In another embodiment, a process control monitor containing only the chrome layer 150 on the substrate 152 may be used to determine the reflectance, and hence the thickness, of the chrome layer 150. Measurements of this process control monitor may be compared to those obtained for the process control monitor depicted in FIG. 11A to determine the optical properties of the ITO layer 154. For example, reflectance from the surface of the ITO layer 154 may be proportional to the ratio of the reflectance from the two process control monitors. In some embodiments, a chrome-only process control monitor may manufactured on a wafer separate from that used to manufacture the interferometric modulators if the processing conditions for the interferometric modulators cannot be used to create a chrome-only layer.

FIG. 11B depicts another embodiment of a non-etalon based process control monitor structure that consists of the ITO layer 154, chrome layer 150, and oxide layer 156/158. This structure may be used to measure the optical characteristics of the ITO-chrome-oxide combination. For example, measuring the transmittance through the process control monitor provides an indication of the combined attenuation caused by the ITO layer 154, chrome layer 150, and oxide layer 156/158. Comparison of the measurements of this process control monitor structure with the measurements of the process control monitor in FIG. 11A can be used to isolate the optical properties of the oxide layer 156/158. In addition to providing information regarding the optical characteristics of the oxide layer 156/158, the comparison can also be used to determine the thickness of the oxide layer 156/158 (e.g., a lower transmittance will indicate a thicker oxide layer 156/158). The optical properties of the process control monitor in FIG. 11B also approximates those observed in an interferometric modulator array in the area of the etch release holes in the mechanical membrane.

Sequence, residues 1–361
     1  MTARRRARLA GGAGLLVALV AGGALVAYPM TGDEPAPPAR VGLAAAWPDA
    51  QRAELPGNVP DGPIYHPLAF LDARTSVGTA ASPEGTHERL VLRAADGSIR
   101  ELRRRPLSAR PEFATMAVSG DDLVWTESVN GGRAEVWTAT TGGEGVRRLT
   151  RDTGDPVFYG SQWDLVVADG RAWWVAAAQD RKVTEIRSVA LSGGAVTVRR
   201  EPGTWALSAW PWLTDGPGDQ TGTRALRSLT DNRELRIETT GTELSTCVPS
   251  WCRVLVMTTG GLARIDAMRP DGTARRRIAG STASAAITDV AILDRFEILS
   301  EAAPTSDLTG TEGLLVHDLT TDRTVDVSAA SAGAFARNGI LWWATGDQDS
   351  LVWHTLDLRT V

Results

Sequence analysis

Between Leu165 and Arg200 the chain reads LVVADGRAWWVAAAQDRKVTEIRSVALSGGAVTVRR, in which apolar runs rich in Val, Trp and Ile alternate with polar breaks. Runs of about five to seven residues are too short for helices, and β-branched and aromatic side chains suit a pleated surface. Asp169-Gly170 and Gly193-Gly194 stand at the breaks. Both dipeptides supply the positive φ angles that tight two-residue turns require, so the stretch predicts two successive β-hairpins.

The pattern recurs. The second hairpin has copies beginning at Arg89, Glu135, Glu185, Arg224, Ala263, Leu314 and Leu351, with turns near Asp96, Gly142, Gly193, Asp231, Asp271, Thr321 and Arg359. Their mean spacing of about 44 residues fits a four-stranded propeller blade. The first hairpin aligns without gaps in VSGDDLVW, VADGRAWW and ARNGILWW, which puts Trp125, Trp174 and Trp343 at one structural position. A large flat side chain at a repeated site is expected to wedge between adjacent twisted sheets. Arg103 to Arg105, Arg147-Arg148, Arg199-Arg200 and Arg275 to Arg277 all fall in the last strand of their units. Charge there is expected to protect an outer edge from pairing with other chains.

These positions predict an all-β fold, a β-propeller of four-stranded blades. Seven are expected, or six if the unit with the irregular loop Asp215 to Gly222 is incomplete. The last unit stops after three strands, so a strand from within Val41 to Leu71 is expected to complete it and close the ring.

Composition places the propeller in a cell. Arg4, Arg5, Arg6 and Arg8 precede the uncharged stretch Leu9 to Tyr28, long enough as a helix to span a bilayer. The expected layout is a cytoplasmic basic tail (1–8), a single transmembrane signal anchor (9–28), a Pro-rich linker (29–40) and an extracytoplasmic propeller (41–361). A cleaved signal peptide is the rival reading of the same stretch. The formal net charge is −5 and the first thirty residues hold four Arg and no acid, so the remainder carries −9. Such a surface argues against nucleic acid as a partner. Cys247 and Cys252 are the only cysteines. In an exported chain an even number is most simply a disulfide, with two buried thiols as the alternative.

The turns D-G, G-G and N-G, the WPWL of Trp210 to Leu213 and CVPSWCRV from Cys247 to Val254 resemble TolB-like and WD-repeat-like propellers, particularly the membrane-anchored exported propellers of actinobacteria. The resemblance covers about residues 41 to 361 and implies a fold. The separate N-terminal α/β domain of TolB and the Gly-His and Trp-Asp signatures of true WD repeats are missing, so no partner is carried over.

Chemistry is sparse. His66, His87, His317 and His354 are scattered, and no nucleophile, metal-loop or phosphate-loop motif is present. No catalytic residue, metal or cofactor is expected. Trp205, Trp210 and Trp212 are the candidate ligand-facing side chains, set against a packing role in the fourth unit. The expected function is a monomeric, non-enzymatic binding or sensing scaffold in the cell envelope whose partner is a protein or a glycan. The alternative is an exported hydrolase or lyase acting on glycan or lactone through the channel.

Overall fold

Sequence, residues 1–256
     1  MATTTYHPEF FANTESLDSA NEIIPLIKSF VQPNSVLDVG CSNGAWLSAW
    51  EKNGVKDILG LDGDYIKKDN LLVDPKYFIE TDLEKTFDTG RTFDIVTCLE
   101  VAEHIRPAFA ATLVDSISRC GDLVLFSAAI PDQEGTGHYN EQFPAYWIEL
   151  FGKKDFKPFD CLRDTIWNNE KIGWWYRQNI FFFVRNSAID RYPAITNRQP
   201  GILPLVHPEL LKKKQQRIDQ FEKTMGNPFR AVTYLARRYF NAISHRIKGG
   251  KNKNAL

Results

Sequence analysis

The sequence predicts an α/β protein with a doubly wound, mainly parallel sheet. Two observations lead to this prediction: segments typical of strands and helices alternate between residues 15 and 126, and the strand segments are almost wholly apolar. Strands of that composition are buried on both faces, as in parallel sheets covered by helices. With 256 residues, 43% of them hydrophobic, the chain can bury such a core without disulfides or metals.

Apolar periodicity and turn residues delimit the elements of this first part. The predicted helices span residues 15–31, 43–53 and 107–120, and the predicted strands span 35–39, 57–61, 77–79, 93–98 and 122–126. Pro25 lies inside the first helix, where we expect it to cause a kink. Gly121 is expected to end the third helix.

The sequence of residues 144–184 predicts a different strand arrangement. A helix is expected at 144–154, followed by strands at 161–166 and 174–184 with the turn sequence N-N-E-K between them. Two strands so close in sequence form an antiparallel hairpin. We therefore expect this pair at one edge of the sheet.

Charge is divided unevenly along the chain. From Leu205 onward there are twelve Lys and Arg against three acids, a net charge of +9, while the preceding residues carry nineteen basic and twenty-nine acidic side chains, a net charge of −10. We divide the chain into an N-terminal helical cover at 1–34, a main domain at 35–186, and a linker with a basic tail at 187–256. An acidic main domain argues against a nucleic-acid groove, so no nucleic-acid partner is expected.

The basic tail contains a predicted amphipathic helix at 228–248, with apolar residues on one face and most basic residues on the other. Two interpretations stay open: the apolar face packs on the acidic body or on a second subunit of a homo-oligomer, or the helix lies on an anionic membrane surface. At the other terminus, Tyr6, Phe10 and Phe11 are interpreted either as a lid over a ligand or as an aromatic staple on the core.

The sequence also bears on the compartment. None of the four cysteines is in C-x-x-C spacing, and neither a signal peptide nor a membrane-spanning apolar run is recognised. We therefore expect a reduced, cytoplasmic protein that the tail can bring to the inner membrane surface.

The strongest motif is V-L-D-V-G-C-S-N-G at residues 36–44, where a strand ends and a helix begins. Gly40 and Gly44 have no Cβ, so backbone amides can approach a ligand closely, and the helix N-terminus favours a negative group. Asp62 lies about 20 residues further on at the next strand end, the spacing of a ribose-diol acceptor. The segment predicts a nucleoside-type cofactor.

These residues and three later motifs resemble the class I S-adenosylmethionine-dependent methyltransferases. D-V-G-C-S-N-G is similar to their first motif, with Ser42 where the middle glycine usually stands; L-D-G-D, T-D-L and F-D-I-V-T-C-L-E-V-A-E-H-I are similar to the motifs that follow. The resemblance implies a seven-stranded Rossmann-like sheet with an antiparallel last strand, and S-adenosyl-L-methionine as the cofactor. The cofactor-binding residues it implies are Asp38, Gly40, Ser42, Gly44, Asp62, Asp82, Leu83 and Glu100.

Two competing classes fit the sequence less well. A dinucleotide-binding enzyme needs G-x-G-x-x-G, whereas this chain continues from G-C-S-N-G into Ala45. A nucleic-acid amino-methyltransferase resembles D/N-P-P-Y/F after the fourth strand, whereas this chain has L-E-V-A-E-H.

FIG. 11C depicts another embodiment of a process control monitor structure that consists of the mechanical membrane layer 164/166. This process control monitor may be used to isolate and measure the reflective properties of the mechanical membrane layer 164/166.

FIG. 11D depicts still another embodiment of a process control monitor structure consisting only of the sacrificial layer 160 deposited onto the substrate 152. This process control monitor may be used to measure characteristics of the sacrificial layer 160 alone, including its thickness. This process control monitor may be analyzed prior to any release etch. Alternatively a layer of a protective material may be deposited over the sacrificial layer 160 to protect it during a release etch.

FIG. 11E depicts another embodiment of a process control monitor having oxide layers 156/158, planar material 162, and mechanical membrane layer 164/166. The reflectance from this process control monitor approximates that observed in an interferometric modulator array between rows where cuts in the ITO 154 and chrome 158 layers have been made.